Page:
The data of rainfall events that induced debris flows were analyzed to calculate the corresponding rainfall intensities, effective accumulated rainfall amounts, as well as the values of rainfall triggering index (RTI ) defined as the product of the rainfall intensity multiplied by the effective accumulated rainfall amount, and then to evaluate the spatial distribution of the critical RTI -values for debris-flow warning. The logistic regression method was used to evaluate the potential distribution of debris-flow occurrence, based on the corresponding RTI -values of debris flow events. The proposed model was tested during two rainfall events at Sinyi Town and Ren-ai Town in Nantou County of Central Taiwan, and then applied to evaluate the temporal variations of debris-flow occurrence probabilities for seven towns in Nantou County. The results show that the proposed model could effectively evaluate the spatial and temporal variations of debris-flow occurrence probability during a rainfall event.
This paper introduces the up to date technology of debris flow monitoring stations established by the Soil and Water Conservation Bureau, Council of Agriculture (SWCB). Besides constructing the fixed debris flow monitoring stations, the SWCB also performs the research on the mobilization and module of debris flow monitoring system in order to enhance the monitoring possibility of debris flow events, to reduce the damage of the on-the-spot instruments and to broaden the monitoring limitation. The mobile debris flow monitoring station can be immediately sent to the high potential spot to detect the possible debris flow events according to the prediction route of incoming typhoon from Central Weather Bureau. The module of the debris flow monitoring system may play an important role in decreasing the maintenance cost and increasing the monitoring efficiency due to the portable devices. So far, the SWCB establishes 13 fixed and 2 mobile debris flow monitoring stations around Taiwan. Each station consists of the monitoring sensors, the instrumental cabin (mobile instrument plate for mobile monitoring station), the transmission system and the display system (Formosa Emergency Management Action system, http://fema.swcb.gov.tw). The purpose of setting up these monitoring stations are to collect real-time debris flow information in the field. This information may help us to understand the physical mechanism of debris flows and to improve the accuracy of the current debris flow warning system based on rainfall thresholds. Besides, it also can be utilized as references for sabo engineering design, countermeasures of slopeland disaster mitigation and academic research.
The Uncertainty of reoccurrence frequency and the unpredictability of the event scale make debris-flow mitigation and countermeasure techniques less standardized as we anticipate. Engineers are required to adapt the concepts of active and passive defense system to cope with specific debris-flow cases so that safety concern is fulfilled and ecologic habitats are maintained. The main objective of this paper is to convey the design concept and rational of debris-flow countermeasures. Setting design standards or recommendations is not the intention of the paper.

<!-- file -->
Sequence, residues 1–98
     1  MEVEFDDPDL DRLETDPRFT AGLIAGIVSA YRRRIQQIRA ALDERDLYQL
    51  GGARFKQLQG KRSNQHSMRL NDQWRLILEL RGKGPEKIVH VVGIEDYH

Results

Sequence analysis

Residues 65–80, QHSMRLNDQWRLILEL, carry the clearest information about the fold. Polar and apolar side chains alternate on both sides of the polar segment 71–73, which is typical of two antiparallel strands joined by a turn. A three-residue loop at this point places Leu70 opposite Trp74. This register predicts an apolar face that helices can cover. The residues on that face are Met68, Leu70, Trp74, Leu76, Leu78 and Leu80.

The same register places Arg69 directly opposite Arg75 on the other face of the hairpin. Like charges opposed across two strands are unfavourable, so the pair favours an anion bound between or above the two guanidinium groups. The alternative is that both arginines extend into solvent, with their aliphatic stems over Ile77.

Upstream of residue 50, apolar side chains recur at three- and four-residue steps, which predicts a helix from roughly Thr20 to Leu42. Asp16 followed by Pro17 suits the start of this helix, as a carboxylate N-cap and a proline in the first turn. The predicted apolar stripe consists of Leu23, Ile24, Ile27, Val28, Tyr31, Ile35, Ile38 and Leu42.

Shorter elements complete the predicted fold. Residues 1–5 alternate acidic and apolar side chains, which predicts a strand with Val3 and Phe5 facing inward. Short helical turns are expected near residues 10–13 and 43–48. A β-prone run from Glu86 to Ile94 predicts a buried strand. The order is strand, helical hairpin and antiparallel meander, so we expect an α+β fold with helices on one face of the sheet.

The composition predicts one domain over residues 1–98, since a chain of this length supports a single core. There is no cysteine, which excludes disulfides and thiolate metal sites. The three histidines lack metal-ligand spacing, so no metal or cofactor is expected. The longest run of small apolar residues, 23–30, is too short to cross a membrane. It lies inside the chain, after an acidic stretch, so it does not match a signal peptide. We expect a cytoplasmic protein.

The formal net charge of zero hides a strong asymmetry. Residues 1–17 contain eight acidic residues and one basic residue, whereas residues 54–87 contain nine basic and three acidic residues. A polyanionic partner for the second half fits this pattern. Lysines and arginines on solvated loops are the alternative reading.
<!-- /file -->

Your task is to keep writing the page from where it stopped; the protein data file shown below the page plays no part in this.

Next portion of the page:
This paper presents the study on the occurrence of debris flows from the Da-Chia river watershed after Chi-Chi earthquake through the use of remote sensing data, DEM, and rainfall data. The remote sensing data include aerial photographs and satellite images of five temporal stages which are the stage before Chi-Chi earthquake, the stage after Chi-Chi earthquake, the stage after typhoon Toraji, the stage after typhoon Minduli, the stage after typhoon Airi and Hytarng. Results obtained show that the regional debris flow problems in Da-Chia watershed were mainly caused by the huge amount of sparsely deposited materials from landslides triggered by Chi-Chi earthquake. Several typhoon events with heavy rainfalls moved the sparsely deposited materials into gullies and then induced the debris flows. It is also demonstrated that the regional debris flows that range from Techi Dam to Ma-an Dam are strong related to the spatial distribution of rainfalls.
The geological structures of Taiwan are complex, weak and young. The rock slopes of many river valleys were damaged by earthquakes and landslides, which caused a great deal of cracks and unstable rock blocks. The torrential rain brought by typhoons usually induced serious debris flow. In the recent years, with the increasing of population density and the development of economy, the scope of human activity has been expanded to the mountain district. For the reason, debris flow disaster has been the nightmare of us. This paper presents the case of remediation construction in Sitou. And with the presentation, it is advantage to the engineers to take the lessons as a reference in their plan, design, and construction works to against the disasters.